This article marks the start of a series entitled Patterns of Inefficiency; a list of “worst practices” that we frequently find – and resolve – in our business. By changing the focus from positive to negative, we are not intending to promote an attitude of pessimism, but rather point your attention towards issues that are actually obvious, but frequently ignored.

Let’s start with one of the most prevalent topics of daily operations: decisions.

In-Line Engine Trouble: Decision Paralysis

The In-Line Engine pattern of inefficiency is related to the omertà dilemma we talked about in the previous newsletter issue – it’s a process of brushing issues under the carpet while giving the impression of being busy.

Imagine that a team member addresses an issue in a team meeting:

“The error rate in production has risen by 0.4% in the last month.”

The group starts a lively conversation on the subject of error rates, but shortly before they decide on a plan of action, another team member throws in this comment:

“The error rate is important, but the IT outages are just as important!”

Quickly, the team turns its attention to this topic and they discuss the IT outages … until yet another person says:

“We’ve been wanting to go over the IT contract for months. But our legal department is always overloaded!”

… and so on and so on and so on. Three hours of intense debate produces no tangible outcome, and at the next meeting, you are likely to hear that “we’ve already discussed that!” The engine is running at high revs, but no gear is engaged: It isn’t moving anywhere. 

Patterns like this often creep in gradually and imperceptibly over the years. Frequently, there is no particular reason to be found – apart from human nature, which sometimes tempts us to blank out disagreeable situations.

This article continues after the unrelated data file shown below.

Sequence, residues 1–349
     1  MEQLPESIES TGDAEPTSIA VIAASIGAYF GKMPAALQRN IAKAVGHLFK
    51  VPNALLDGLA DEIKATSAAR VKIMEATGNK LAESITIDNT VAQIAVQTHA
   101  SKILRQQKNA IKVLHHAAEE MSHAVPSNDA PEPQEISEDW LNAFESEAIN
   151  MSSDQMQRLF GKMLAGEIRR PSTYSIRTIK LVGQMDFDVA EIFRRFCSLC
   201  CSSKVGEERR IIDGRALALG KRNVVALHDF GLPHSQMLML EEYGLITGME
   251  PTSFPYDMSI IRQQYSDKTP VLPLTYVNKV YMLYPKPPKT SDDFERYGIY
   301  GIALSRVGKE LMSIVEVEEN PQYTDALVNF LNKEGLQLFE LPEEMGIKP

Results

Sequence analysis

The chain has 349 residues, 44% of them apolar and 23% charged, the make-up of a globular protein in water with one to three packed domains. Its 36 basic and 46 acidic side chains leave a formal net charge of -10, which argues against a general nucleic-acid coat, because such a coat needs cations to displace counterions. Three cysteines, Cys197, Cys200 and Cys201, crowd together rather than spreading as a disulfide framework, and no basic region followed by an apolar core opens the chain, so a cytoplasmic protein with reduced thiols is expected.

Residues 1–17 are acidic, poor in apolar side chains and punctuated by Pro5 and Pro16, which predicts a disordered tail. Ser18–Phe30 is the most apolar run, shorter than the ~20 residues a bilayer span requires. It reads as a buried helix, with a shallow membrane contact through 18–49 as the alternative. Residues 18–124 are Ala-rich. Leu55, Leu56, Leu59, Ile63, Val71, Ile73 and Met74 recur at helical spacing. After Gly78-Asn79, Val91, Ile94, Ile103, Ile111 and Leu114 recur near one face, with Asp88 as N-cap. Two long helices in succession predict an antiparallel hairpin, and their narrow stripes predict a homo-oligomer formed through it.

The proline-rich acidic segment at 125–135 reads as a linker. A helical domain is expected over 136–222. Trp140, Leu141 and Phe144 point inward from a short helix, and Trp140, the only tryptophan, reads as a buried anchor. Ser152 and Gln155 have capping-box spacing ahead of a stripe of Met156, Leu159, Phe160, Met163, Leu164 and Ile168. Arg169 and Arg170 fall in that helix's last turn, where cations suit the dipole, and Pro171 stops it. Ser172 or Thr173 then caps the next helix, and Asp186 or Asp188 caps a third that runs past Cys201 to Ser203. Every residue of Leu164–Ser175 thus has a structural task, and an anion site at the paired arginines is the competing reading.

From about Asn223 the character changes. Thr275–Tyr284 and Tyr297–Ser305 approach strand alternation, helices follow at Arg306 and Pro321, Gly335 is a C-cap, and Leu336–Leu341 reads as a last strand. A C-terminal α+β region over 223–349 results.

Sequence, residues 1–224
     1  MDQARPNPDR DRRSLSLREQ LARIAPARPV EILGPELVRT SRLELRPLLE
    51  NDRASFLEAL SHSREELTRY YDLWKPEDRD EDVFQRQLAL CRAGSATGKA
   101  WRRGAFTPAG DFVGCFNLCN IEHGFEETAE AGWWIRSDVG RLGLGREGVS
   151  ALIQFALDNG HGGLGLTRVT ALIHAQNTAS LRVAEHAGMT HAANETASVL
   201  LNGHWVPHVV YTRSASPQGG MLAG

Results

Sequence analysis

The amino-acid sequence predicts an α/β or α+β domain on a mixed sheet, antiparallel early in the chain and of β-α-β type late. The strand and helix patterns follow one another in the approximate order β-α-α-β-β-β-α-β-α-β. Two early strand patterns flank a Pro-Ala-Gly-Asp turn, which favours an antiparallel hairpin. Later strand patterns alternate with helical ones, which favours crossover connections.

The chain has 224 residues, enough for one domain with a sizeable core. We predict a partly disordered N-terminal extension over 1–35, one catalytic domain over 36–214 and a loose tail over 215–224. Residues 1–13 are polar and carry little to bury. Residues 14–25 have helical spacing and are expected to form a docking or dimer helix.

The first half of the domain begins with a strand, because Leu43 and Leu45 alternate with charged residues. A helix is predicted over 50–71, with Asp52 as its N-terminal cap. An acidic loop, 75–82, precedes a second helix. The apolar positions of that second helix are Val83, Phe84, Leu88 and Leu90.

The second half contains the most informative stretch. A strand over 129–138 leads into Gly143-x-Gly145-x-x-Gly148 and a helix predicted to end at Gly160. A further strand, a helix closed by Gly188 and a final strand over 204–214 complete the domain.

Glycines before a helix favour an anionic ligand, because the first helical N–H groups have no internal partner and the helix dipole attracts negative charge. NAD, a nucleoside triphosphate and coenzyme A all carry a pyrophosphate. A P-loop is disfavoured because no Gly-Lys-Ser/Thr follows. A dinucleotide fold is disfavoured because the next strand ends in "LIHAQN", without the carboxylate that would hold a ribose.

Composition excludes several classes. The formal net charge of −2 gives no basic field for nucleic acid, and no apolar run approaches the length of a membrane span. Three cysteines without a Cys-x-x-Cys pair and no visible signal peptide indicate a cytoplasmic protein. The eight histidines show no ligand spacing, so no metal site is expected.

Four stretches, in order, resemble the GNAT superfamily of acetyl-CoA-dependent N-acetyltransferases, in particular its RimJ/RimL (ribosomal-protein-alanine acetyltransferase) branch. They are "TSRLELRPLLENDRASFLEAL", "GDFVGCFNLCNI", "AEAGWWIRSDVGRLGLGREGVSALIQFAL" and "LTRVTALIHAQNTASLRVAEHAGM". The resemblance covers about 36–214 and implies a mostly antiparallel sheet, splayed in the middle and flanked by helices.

Alignment Incentive: Utilize Pattern Skills!

If your team is stuck to the In-Line Engine pattern, there is good news: the team has mastered the skill of reliably adhering to a pattern! If your team can adhere to the In-Line Engine pattern, it can learn to adhere to different patterns. Motivate them to make use of this skill and introduce an alternative and more productive pattern.

For example, always insist on a decision on topic A before topic B is discussed: Only when a decision is made and actions are resolved upon should the next topic be tackled.

To make this happen, use the four-quadrant sheet pictured below as a simple yet effective aid for improving problem solving processes. Should the in-line engine start up, i. e. if there are interjections or attempts to change the subject, note them down on a flip chart to be discussed later – and continue with the topic at hand.

If your team’s in-line engine has more than 400 HP, schedule at least one meeting solely for the discussion of the engine: Help your team explore the pattern and use past meeting minutes as reminders what went wrong – and what can be improved. As soon as people become aware of an automatic pattern, it will begin to change on its own.

What’s Keeping us Busy: Current projects in a nutshell

Global change management concept and implementation in a DAX company: In our client’s company, a multitude of change processes, methods and tools have accumulated over time. Too rarely have they been prioritized according to business need. We are analyzing the current approaches to change management and develop specific suggestions for improvement of processes, tools, roles and responsibilities. To carry out the implementation, we offer support in implementing a new change management team and as a process that enables important change projects to be defined directly by the Board. This will create a change orchestra out of the many change soloists, enabling relevant and effective transformations to emerge from coordinated measures.